Have you seen ads in your local paper looking for a dietary aide in a nursing home and wonder exactly what a dietary aide is? If you like helping the elderly and don’t mind having odd hours then becoming a dietary aide might be right for you.
The pay usually isn’t to bad to start out with and some nursing homes offer benefits for full time employees. Below are some main duties in being a dietary’s aide.
Silverware- you may be asked to set up and or bag silverware for the residents. Some residents need special types of silverware such as bent or coated. Not exactly the most exciting thing but it does need to be done. Next you may need to set up glasses and tickets on a tray.
Many residents use special cups such as some can’t have styrofoam as they may try to eat it. Others may need a sippy cup style to avoid spilling their drink on themselves. Some nursing homes have the resident’s meal request on a ticket.
When it’s close to the first meal you may need to get the drinks and make coffee. Usually the drinks consist of milks, assorted juices and specialty drinks like Boost, Carnation Instant Breakfast and special juices. The special juices sometimes are thicken to a honey or nectar consistency to help make it easier for the resident to swallow.
Other dietary restrictions you’ll need to become familiar with are MS- Mechanical Soft and blended foods. MS for example is where instead of eating a whole hotdog, you would serve the hotdog grounded up.
For those who need blended hotdog, a hotdog is blended in a blender sometimes with thickening powder. The powder is white and tasteless. The same goes for desserts- your job as a dietary aide may be to set up desserts for serving on the different floors. You may need to blend up cookies, cake and more.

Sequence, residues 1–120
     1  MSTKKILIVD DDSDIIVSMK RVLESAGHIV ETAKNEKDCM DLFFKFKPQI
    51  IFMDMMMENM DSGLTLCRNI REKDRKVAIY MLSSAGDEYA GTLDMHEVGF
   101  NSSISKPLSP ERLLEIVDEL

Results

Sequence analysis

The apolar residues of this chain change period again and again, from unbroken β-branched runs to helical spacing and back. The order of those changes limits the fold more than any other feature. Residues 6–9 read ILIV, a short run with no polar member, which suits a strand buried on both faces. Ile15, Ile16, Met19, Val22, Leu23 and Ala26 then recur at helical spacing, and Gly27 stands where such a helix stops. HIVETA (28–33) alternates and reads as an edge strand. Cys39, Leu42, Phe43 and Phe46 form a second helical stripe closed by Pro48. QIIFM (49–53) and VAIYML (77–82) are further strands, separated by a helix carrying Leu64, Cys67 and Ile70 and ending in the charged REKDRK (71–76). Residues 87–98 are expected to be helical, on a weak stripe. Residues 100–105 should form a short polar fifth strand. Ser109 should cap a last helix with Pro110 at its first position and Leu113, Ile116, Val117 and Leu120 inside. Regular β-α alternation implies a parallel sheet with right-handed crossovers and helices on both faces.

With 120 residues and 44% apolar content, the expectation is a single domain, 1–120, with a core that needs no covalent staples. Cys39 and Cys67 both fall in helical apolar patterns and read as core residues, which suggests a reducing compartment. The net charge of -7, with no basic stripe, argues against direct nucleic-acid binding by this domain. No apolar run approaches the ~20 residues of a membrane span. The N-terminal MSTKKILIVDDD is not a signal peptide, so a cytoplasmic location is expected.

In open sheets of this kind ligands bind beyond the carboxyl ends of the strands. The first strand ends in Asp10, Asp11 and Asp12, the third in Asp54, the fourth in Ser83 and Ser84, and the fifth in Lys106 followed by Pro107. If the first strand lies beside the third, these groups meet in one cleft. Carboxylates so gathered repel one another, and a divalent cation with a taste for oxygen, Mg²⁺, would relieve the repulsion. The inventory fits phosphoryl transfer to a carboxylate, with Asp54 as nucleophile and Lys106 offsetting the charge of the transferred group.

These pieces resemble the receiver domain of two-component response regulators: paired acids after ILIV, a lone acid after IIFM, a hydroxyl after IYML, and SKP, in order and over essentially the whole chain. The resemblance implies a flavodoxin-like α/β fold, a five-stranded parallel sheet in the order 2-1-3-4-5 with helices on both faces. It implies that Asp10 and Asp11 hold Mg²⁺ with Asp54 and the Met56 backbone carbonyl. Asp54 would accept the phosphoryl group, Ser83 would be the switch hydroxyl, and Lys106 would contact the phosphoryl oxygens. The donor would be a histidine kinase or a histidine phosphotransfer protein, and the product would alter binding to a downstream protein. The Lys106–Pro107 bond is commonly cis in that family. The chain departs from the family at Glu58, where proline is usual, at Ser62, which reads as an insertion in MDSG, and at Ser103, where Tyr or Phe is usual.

After serving the first meal you most likely will need to put the un used food in containers to use at a later date. After you’ll need to take the inserts used from the steam cart and take them into the dishwasher.
Many nursing homes have kitchens for each floor which will need restocking of certain items that they use daily. Some items are cookies, applesauce, clean pitchers and canned soup.
For the second part of your day after lunch you may need to go and set up the dining room if the nursing home has one. Often times residents like to socialize with others during dinnertime. You’ll then serve dinner possibly from a steam cart as trays are lined up with people’s tickets on them.
Most times you have someone prepare the drinks before you prepare the dinner on dishes. After dinner you go through the same system of putting away any un used food and taking your inserts into the dish room.
Then you may be asked to clean the dining room. Some nursing homes require one or two people to strip the trays. This requires wearing gloves and scrapping off the food, dumping the drinks and stacking all the items for the dishwasher to clean.
At the end of your day you may be required to re stock a small cart for all or only one floor for breakfast. This may require small cereals, bananas and other items needed for the next day’s breakfast. The next day you go through it all again.
Being a dietary aide in a nursing home isn’t the easiest job but it is rewarding at times. If you’re there long enough, you’ll meet some pretty cool residents that you’ll end up love talking to, just make sure you don’t talk too long in case the boss is watching! Often times those who work in a nursing home consider becoming an lna/cna which means a licensed/certified nurses aide/assistant.
It does take a good amount of bending down daily so make sure you’re in decent shape. It’s also good to be able to life 50 pounds or more since you’ll be lifting dishes and other heavy items throughout the day. Many nursing homes require you to take a vision, physical and drug test at no cost to you before being hired.
You may also be required to take a TB shot. It’s simple and pretty painless. So the next time you aren’t sure on how to make a splash into the nursing world, consider taking a job a dietary aide. Who knows, it may lead you to becoming a registered nurse in the future.